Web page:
The ventral part of the vagus nerve, on the other hand, has branches above the diaphragm to the head, heart and lungs. It responds to cues of safety in our environment and social interactions. When the ventral vagal system is activated we feel a sense of being safe in our surroundings and interactions. We are able to feel connected and socially engaged. 

So, according to Polyvagal theory we have three states of the nervous system and they activate in this order:

1. Ventral vagal systemsocial engagement

Part of the parasympathetic nervous system. This is the system of safety and connection. Let’s give the ventral vagal state the colour green so it’s easy to remember.

In this state we feel relaxed and safe enough to engage socially, we connect, we are present and we feel curious about life and joyful. We can move through the world in a way that feels safe enough. 

2. Sympathetic nervous system: fight or flight

We feel anxious, stressed and on high alert. This is a system of mobilisation. It protects us through taking action – escaping the situation or fighting our way out of it. Now mobilisation in itself is not a bad thing if it is used with the ventral vagal energy, for example when we do sports, yoga, play etc.. It’s just not helpful when that system goes into a state of defence unnecessarily. Let’s give this system the colour red.

3. Dorsal vagal system: freeze or dissociation.

The dorsal vagal system is also part of the parasympathetic system and is the system of immobilisation. When we’re in this state we protect ourselves through some form of freeze or dissociation. We shut down, we collapse, we get small, we stop feeling, or become heavy and depressed, we become numb. Just like mobilisation is not ‘wrong’, neither is immobilisation if it is working together with the ventral vagal connecting energy. This allows us, for example, to immobilise into a deep state of relaxation or meditation, and to relax into shared moments of intimacy. We also just want to keep our dorsal vagal system out of a state of defence when it doesn’t need to be there. Let’s give this system the colour blue.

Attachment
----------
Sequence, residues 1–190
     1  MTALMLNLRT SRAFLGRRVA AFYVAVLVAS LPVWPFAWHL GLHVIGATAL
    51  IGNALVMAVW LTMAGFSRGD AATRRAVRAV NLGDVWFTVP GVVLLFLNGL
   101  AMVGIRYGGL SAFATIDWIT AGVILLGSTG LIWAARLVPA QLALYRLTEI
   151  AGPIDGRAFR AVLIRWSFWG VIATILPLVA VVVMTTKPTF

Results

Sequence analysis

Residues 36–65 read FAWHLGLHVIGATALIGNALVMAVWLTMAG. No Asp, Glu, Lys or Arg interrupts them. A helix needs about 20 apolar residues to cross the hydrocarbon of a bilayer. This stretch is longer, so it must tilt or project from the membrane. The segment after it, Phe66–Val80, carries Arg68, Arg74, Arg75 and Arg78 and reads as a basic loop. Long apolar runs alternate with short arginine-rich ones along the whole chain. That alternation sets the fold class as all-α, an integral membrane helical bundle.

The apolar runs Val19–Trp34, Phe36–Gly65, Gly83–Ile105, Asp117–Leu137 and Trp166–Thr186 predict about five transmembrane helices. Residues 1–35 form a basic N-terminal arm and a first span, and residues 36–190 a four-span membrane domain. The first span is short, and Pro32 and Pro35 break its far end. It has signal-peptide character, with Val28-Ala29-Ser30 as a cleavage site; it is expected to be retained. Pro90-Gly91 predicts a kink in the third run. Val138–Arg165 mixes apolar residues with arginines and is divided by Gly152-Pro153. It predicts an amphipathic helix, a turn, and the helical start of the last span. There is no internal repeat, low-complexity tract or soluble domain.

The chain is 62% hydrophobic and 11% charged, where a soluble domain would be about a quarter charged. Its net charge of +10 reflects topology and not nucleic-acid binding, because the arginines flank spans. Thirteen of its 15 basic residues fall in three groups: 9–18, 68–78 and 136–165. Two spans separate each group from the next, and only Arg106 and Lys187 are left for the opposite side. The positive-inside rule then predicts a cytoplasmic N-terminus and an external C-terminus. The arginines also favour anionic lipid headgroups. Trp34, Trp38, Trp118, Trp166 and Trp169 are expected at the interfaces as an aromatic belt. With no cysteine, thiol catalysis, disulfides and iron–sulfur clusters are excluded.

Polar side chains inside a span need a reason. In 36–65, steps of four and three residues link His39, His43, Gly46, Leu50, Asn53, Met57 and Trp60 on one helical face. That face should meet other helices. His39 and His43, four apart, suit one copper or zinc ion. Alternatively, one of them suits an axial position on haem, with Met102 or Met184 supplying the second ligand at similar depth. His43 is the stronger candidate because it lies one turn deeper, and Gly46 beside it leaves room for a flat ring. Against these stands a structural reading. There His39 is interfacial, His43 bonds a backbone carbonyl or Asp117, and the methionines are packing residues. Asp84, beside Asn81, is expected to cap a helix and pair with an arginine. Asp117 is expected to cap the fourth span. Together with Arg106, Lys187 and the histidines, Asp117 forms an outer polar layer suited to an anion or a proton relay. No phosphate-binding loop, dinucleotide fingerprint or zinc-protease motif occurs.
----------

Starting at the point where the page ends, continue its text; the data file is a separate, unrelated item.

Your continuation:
Our responses are activated in that order. We go from our calm and relaxed state in the ventral system (green). When we sense threat (real or imagined) our defence state of fight or flight kicks in (red). If this doesn’t help us to deal with the threat our most primal defence response kicks in – the freeze/dissociation response (blue).

We have to come back up through the responses in the same order. Let me give you an example:

Moving through the nervous system responses 

I’m in ventral (green zone) right now, and I’m having a good time writing this article. Even though I’m not physically there with any of you, it’s lovely to know that this article will help some of you learn something about yourselves. It helps me feel safe and connected.